The second pilot held a commercial pilot certificate with airplane multiengine land and sea, and instrument airplane ratings. The second pilot's personal log book was not recovered. According to FAA airman records, he listed his total flight experience on his last airman medical application, dated July 26, 2000, as 1,223 hours. Company records indicate he accrued an additional 638 of flight experience in C-46 airplanes from August 2000, until the accident.
The accident airplane had two radial reciprocating engines, and was operated as a cargo aircraft under the provision of 14 CFR Part 125. According to the company's operations specifications, it was equipped for flight in day/night VFR and IFR conditions. A review of the airplane's maintenance records for the preceding 30 days prior to the accident disclosed no significant unresolved mechanical issues.
The closest weather reporting station is at the Kenai Municipal Airport, Kenai, about 43 miles northeast of the accident site. At 1653 Alaska standard time, the Kenai METAR reported the wind as from 280 (true) at 20 knots, with gusts to 26 knots; visibility was 10 miles, sky coverage was 2,000 scattered, temperature 3 C, dew point 01C.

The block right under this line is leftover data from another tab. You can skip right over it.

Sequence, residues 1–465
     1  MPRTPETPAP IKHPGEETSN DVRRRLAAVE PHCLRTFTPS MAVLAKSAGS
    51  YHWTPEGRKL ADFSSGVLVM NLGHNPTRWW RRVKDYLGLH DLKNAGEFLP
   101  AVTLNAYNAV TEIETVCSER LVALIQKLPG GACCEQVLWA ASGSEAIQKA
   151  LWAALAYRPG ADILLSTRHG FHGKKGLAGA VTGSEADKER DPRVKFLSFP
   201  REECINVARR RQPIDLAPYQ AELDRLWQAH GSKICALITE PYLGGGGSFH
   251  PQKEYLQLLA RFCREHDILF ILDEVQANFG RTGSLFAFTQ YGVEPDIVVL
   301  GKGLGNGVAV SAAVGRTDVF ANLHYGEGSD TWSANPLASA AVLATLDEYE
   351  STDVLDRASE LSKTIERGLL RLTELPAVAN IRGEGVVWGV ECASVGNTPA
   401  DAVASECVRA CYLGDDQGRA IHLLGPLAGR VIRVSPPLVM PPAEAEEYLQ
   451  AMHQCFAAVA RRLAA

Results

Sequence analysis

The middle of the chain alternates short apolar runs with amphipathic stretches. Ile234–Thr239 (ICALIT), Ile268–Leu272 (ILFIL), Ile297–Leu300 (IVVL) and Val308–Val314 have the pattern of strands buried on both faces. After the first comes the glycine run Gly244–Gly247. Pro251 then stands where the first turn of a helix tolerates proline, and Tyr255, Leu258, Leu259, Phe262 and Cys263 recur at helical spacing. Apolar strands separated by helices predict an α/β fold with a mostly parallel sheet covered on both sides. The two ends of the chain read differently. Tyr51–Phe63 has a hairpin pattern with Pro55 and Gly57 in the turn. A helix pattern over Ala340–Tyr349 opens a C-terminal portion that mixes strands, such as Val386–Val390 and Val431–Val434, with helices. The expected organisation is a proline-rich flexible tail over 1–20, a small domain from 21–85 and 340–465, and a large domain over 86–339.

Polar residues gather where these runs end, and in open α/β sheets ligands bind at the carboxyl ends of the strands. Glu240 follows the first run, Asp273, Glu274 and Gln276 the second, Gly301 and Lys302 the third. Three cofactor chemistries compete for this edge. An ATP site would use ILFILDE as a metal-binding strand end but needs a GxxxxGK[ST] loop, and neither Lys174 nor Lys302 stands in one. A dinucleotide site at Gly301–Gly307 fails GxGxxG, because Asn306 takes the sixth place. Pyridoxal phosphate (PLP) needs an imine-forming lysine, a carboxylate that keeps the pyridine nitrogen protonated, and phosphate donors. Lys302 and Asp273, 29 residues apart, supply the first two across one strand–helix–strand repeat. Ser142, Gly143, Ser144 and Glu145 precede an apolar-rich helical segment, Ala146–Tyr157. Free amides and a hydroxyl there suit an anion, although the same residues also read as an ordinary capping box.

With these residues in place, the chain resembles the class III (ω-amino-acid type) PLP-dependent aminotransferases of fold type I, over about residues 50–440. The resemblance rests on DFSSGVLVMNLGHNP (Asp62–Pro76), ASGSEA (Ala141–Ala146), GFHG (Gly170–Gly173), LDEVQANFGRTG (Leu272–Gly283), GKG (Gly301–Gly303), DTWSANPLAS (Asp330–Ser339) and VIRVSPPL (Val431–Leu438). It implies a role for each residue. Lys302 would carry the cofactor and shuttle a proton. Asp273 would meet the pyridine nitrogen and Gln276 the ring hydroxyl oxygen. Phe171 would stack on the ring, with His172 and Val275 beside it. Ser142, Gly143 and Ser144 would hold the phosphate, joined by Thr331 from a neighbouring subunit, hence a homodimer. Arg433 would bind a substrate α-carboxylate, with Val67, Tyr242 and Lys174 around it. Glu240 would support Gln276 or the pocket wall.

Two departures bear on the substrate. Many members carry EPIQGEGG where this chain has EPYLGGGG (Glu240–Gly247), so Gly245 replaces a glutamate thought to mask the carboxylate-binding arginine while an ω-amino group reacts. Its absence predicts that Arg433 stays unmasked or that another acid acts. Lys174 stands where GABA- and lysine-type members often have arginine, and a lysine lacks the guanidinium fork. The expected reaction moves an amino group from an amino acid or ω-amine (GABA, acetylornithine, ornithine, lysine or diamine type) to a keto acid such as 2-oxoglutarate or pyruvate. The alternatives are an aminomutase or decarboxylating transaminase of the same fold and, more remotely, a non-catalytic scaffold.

An airmet for moderate, to isolated severe turbulence, associated with gusting winds and marginal VFR conditions and mountain obscuration, was in effect for the area in the vicinity of the flight.
According to the officer in charge of the USAF Rescue Coordination Center at Anchorage, Alaska, a military C-130 airplane was attempting to locate the accident airplane and was flying in the approximate vicinity of the crash site about two hours after the accident. The officer indicated that the C-130 pilot was unable to fly into the mountainous area due to severe turbulence and low clouds that started about 100 feet above the ground, and went up several thousand feet.
A person living at Chitina Bay, about 36 miles south of the accident site, said the weather at the time of the accident was some of the worst he has seen in the 25 years he has lived there. He said, in part: "It was blowing like crazy, nasty, real nasty weather; you couldn't see more than 1/2 mile. Clouds were real low, wind at least 50 to 60 knots, raining, picking up water from the bay. It was terrible, no body should be flying in that kind of stuff. It was absolutely awful stuff."
A commercial pilot who was flying from Anchorage to Nondalton and then to Lake Clark, departed Nondalton about 1535. He believes the C-46 left Nondalton just behind him, about 1540. The pilot noted that at the time he arrived at Nondalton, the weather was turbulent in the pass (Lake Clark), with visibility about 3-7 miles, and 2,000 to 2,500 feet overcast cloud cover. He said as soon as he departed, the weather deteriorated dramatically, with snow falling and winds increasing to 40 knots or more.